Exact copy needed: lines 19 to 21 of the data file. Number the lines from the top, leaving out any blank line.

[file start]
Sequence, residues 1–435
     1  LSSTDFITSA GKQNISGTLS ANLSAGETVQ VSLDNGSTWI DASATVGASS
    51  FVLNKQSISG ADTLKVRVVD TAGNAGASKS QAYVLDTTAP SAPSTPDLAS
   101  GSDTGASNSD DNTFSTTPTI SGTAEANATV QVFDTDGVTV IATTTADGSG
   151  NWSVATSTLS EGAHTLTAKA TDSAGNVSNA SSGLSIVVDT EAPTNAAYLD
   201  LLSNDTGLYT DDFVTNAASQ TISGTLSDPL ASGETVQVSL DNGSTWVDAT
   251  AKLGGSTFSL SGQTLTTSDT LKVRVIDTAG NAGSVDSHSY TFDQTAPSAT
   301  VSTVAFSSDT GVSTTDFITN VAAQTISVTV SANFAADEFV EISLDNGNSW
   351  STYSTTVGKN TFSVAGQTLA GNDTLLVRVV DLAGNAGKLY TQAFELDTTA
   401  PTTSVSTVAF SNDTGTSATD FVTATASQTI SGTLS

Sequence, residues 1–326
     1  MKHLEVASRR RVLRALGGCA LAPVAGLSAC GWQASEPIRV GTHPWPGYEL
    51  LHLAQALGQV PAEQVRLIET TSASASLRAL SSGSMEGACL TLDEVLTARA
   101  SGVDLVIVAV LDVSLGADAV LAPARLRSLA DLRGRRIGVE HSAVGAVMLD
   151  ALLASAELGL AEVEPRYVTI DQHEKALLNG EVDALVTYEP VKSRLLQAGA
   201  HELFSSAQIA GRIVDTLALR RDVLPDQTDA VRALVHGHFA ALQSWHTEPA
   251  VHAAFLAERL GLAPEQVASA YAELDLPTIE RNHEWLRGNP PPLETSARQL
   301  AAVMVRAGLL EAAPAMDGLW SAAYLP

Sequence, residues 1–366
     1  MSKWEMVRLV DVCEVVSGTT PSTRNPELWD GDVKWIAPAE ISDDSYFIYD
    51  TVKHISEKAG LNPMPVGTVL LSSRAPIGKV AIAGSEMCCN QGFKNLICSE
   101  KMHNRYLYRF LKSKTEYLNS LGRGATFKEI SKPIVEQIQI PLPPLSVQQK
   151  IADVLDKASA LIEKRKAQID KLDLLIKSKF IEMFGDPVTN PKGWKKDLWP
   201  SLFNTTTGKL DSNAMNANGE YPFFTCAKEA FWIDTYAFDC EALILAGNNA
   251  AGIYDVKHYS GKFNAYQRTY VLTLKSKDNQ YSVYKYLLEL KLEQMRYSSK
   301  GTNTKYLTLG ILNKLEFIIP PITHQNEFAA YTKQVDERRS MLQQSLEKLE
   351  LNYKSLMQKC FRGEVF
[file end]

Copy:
Sequence, residues 1–366
     1  MSKWEMVRLV DVCEVVSGTT PSTRNPELWD GDVKWIAPAE ISDDSYFIYD
    51  TVKHISEKAG LNPMPVGTVL LSSRAPIGKV AIAGSEMCCN QGFKNLICSE